(e)I deny that there was a permanent collapse of the Government of Bophuthatswana and the conclusion drawn by the deponent that the disastrous effects of the preceding days would be repeated.'

A fourth affidavit was tendered and by consent received. In this affidavit the first respondent deals with the applicant's allegation that the joint administrators' government lacks efficacy. The first respondent mentions the remuneration of the applicant and his Ministers and indicates the present position of the secretaries of various government departments, officers commanding the Bophuthatswana security forces, governors appointed in terms of Act 20 of 1990, and certain other officers in government departments and parastatal bodies. In one instance a judicial commission of enquiry has been appointed. With regard to the suspension of the Bill of Rights the first respondent states: I

‘... we were advised by legal experts that the Bill of Rights as contained in the Bophuthatswana Constitution Act should also be suspended to ensure the smooth running of the administration of Bophuthatswana in a critical and demanding situation. For example, it would have been impossible to have a free and fair election in Bophuthatswana during the election scheduled for the end of April 1994, should the Bill of Rights still be enforced in the Republic of Bophuthatswana. In terms of the Bill of Rights only citizens of Bophuthatswana would have been entitled in terms of the said Bill, as recently amended, to freedom of speech and freedom of association. Obviously such a provision in the Bill of Rights is in conflict with the aims of the Transitional Executive Council Act 151 of 1993.'

The first respondent avers that ample protection exists at common law for the applicant and other individuals, and that by Decree 2 of 1994, s 75 of the Constitution (liability of the State for the acts of its servants) has been re-instated.

The first respondent deposes further:

'As already mentioned in para 4.2 of my answering affidavit I do not claim that there are no problems being encountered by the joint administration. However, of these problems, most, if not all, appear to have been created by the circumstances preceding the replacement of the applicant's government. These problems are being addressed vigorously and would, with the information now at my administration's disposal, be exceedingly complicated if the previous Government or representatives thereof were re-instated or even involved in any manner in the administration.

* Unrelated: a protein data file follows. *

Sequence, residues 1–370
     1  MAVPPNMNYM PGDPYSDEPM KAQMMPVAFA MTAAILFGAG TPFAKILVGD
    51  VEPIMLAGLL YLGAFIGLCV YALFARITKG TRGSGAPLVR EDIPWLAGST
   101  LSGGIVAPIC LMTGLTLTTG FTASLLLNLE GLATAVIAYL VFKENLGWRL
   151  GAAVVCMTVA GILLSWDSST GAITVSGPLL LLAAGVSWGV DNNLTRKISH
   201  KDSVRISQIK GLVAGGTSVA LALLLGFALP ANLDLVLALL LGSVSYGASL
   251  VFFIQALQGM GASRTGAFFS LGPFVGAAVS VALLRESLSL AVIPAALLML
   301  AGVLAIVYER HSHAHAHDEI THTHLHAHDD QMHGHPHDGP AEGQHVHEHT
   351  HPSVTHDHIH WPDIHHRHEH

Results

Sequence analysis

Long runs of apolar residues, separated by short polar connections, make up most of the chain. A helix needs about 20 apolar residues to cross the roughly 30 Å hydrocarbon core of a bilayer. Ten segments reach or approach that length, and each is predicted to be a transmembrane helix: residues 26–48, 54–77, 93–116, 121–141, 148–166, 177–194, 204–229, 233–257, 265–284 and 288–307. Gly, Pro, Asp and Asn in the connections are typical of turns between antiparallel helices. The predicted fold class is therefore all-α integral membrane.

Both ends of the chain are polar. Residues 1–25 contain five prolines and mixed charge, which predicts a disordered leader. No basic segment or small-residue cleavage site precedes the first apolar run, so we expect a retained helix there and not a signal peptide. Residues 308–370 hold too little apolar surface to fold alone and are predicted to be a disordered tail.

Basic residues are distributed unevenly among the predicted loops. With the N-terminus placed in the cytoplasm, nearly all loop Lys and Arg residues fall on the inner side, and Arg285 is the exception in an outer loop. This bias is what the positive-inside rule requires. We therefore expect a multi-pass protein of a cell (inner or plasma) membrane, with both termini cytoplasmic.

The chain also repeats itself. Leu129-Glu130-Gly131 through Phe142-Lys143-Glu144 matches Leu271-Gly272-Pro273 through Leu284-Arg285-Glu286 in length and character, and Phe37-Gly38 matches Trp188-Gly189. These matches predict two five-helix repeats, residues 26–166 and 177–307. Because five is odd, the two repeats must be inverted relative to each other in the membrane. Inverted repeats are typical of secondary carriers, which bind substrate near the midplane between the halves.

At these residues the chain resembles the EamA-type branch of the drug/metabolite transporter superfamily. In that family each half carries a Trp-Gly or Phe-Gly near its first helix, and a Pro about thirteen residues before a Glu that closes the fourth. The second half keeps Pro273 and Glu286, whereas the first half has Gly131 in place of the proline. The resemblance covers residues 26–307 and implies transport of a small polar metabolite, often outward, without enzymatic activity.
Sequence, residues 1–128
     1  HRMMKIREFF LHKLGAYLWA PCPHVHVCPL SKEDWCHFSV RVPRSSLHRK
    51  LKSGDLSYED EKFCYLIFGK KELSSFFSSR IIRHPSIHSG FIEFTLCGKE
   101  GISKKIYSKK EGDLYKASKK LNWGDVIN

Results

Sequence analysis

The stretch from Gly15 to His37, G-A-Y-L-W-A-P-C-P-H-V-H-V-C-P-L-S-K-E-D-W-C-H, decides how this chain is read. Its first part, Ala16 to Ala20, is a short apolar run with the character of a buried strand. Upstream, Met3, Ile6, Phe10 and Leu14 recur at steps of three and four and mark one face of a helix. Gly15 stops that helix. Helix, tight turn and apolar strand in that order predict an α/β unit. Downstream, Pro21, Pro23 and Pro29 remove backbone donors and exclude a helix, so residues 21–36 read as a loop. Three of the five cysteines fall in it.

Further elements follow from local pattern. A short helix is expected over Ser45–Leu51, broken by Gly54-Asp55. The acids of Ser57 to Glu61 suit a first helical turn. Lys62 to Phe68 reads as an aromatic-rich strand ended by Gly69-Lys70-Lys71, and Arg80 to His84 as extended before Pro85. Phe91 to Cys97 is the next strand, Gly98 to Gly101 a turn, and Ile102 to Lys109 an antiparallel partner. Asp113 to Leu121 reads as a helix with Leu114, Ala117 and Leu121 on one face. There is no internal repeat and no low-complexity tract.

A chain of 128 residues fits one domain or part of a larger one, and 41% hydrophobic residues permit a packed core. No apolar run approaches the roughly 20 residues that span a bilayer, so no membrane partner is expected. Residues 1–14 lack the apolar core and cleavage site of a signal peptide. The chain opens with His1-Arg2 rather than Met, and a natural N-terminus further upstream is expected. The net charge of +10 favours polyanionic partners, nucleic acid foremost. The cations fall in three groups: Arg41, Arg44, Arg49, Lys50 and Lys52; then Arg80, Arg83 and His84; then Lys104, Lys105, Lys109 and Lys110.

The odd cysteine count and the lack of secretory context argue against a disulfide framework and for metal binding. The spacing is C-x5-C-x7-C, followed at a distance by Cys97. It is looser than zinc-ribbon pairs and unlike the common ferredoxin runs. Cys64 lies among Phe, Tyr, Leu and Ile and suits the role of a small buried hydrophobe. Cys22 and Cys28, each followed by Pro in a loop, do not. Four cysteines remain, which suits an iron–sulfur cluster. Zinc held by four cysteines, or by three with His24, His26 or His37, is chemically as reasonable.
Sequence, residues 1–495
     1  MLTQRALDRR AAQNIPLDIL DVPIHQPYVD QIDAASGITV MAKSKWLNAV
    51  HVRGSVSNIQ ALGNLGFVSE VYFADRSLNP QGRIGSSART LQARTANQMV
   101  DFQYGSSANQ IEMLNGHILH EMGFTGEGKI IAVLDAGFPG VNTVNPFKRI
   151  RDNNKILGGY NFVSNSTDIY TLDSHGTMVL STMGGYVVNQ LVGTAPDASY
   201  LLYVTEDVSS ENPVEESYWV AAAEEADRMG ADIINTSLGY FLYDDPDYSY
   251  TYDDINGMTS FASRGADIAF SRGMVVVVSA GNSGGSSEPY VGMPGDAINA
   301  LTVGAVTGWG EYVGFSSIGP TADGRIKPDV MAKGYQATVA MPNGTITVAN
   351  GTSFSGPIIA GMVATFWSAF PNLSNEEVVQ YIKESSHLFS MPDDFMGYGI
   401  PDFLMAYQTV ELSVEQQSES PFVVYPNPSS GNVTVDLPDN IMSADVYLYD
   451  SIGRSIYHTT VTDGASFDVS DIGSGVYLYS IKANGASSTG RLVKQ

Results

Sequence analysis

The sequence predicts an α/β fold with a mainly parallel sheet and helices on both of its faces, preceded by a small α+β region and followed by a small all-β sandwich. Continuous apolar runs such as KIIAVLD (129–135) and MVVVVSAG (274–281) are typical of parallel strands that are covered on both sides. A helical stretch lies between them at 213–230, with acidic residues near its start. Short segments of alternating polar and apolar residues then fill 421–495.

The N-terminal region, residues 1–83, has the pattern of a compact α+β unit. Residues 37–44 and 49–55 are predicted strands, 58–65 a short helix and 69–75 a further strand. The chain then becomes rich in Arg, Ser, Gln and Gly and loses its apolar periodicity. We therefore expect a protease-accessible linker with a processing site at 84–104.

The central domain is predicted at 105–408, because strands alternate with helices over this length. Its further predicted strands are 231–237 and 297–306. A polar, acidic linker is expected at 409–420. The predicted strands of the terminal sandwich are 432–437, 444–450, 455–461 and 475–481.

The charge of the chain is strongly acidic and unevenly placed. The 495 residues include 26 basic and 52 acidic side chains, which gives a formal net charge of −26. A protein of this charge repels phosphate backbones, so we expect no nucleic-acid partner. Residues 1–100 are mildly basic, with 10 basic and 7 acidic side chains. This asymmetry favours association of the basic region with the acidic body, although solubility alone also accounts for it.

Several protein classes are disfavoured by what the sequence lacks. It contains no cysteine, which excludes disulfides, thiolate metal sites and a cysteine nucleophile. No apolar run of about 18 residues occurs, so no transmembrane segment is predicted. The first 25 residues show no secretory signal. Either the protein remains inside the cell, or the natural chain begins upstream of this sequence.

The essential role of the South African Defence Force in contributing to the present state of stability cannot be denied.'

And:

'It was and still is my belief that the majority of the people in Bophuthatswana were extremely dissatisfied with the Government of Bophuthatswana as was manifested by the events which culminated in the replacement of that Government.'

In the light of the aforegoing review of the facts I turn to consider the relief claimed by the applicant. It will be noted that he does not ask for the withdrawal of the SADF. He does not seek his own re-instatement as President, nor does he seek the re-instatement (except financially) of his dismissed Ministers. He now accepts, without international mediation, that Bophuthatswana shall re-incorporate into South Africa and that the people of Bophuthatswana shall participate in the forthcoming election. This is apparent in particular from paras 2 and 4 of annexure AA which acknowledge the package of South African laws that are intended to take the country through the election and beyond. To this extent therefore the applicant accepts the status quo. The above package of laws mirrors the laws to be found in ss 5(l)(c) and 7 of Decree 1 of 1994. By those sections the joint administrators are required to provide free political activity, to facilitate the holding of free and fair elections, and to work towards the implementation of the interim Constitution. In this respect at least, the applicant and the joint administrators appear to have the same agenda. The main purpose of this application, it seems to me, was to achieve a change in the interim government: the applicant desired to replace the joint administrators by an executive council of seven, three of whose members were to be nominated by him. The government would be temporary because it would endure, according to annexure AA, only 'until certification by the chairman of the Independent Electoral Commission that a free and fair election had taken place and it is superseded by the Constitution of the Republic of South Africa Act 200 of 1993', which I suppose will be a few days after 27 April and less than a month hence. In effect, therefore, I was asked to decide who shall preside over the imminent demise of Bophuthatswana. Given the indications at the commencement of argument, that has changed because the applicant no longer insists on the council of seven. Now the applicant presses for a declaratory order annulling the appointment of the joint administrators within Bophuthatswana and annulling Decree I of 1944. 1 asked Mr De Jager who would govern Bophuthatswana if I were to grant prayers 2 and 3. He said that the status quo ante, meaning the previous government, would be restored, or that the order prayed might lead to a compromise between his client and the South African Government.